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The Americas: How 2015 was a warning to the corrupt

Transparency Int'l

We witnessed two remarkable trends in the Americas in 2015: the uncovering of grand corruption networks and the mass mobilisation of citizens against corruption. It’s no surprise that Brazil – which faced its largest-ever corruption scandal around Petrobras – is this year’s biggest index decliner in the Americas, yet there and elsewhere we saw corruption investigations against people who looked untouchable only 12 months ago. The challenge now is to tackle the underlying causes. The citizens who took to the streets demanded an end to corruption for good – only serious institutional reform will make that happen.

2015 saw corruption investigations against people who looked untouchable only 12 months ago.

The good

The fight against impunity may be far from over, but 2015 sent a strong warning to the corrupt. As three members of Honduras’s elite Rosenthal clan were charged with money laundering and Guatemala’s president was jailed for reportedly taking bribes, even the most powerful figures found they could no longer rely on their cash and connections to protect them. Scores may not have improved dramatically, but it’s worth remembering that marginal upward movement or stagnation can also be the result of corruption becoming more visible and talked about.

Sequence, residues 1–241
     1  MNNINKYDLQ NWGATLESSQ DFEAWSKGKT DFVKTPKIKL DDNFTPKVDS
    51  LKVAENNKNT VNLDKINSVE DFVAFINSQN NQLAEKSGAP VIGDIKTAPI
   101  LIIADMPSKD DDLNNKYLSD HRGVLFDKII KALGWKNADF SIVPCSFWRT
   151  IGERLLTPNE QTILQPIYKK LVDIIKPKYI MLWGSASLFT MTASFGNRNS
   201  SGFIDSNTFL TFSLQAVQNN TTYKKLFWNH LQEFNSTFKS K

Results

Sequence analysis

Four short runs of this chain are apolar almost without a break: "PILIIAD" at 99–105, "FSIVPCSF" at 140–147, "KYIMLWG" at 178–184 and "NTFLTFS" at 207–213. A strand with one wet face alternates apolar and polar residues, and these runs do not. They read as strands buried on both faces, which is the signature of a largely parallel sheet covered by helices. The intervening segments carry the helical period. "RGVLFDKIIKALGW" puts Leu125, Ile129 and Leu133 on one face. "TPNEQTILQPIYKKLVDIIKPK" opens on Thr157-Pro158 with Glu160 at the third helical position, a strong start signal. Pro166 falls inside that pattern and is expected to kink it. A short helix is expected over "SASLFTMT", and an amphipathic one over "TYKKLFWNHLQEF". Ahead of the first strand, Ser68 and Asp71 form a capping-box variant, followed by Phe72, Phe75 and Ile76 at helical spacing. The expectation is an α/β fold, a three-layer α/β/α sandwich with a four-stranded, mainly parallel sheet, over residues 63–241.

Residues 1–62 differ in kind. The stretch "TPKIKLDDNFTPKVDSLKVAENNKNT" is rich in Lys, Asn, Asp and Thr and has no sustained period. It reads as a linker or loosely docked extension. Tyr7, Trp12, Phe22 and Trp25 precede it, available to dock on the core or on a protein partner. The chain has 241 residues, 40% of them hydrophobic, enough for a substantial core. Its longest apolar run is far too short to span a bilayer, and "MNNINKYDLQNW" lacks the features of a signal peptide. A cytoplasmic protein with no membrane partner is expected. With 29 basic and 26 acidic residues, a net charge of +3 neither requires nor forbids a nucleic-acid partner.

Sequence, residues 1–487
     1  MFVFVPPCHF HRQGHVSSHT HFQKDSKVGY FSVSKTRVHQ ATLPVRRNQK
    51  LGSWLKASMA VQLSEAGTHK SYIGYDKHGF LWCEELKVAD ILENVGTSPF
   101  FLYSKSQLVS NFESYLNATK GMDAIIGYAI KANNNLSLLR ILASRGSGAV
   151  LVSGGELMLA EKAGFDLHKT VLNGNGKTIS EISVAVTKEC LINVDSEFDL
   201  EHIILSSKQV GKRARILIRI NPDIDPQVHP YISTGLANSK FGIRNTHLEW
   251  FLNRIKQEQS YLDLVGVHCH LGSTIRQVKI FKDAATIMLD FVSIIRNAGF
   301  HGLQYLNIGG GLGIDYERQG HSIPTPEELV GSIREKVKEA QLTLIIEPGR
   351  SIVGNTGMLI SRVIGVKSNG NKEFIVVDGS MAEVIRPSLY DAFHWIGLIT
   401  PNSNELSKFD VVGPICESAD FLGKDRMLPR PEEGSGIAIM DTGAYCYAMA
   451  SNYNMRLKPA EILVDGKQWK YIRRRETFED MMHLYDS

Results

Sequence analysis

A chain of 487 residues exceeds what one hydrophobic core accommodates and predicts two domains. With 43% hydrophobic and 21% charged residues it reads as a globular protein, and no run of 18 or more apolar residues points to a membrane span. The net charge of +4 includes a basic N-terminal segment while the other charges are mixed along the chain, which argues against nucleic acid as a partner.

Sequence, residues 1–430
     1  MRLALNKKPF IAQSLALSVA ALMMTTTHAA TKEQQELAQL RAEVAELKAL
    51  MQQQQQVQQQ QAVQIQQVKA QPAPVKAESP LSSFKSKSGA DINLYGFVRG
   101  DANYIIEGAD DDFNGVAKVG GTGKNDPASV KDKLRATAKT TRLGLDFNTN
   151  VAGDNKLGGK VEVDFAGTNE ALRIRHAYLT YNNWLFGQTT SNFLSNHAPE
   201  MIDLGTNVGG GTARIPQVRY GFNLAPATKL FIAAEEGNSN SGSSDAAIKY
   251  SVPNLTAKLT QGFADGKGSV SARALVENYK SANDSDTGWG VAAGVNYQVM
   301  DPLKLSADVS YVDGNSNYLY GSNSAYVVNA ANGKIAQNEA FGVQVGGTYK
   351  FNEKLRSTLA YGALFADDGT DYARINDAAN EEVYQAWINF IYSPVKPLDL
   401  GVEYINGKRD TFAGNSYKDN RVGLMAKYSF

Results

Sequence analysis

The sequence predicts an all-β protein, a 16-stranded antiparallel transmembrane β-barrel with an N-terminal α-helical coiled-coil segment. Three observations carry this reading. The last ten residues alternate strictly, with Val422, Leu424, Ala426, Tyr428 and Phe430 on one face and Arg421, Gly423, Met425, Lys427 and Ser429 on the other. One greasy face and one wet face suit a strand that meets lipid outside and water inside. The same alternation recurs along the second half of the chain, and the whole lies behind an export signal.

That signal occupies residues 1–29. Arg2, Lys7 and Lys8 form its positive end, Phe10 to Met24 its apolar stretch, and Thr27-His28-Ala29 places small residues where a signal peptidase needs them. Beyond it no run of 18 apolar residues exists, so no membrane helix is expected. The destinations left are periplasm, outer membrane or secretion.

The bad

But arrests aren’t enough. However welcome, prosecuting existing politicians won’t stop new corrupt individuals getting rich at the expense of citizens. Many countries low down the index have ample natural resources – take Argentina, Mexico or oil-rich Venezuela, the region’s joint lowest scorer – yet long-standing corruption has led to a desperate lack of investment in security, education and health. Until these weaknesses are addressed, corruption will continue to be the norm and citizens’ quality of life will not improve.

Even the most powerful figures found they could no longer rely on their cash and connections to protect them.

What needs to happen

Governments need to ensure real and systemic reform – starting with freeing judiciaries from political influence and creating better regional cooperation between law enforcement to stop the corrupt hiding in different jurisdictions. Citizens, meanwhile, should continue their calls for change. In 2015 we saw ever more people connect the poor services they receive with the illicit enrichment of a few corrupt individuals. These people need to keep up their pressure on leaders, and demand the accountable, well-functioning institutions they deserve.

Priorities

CPI

Countries

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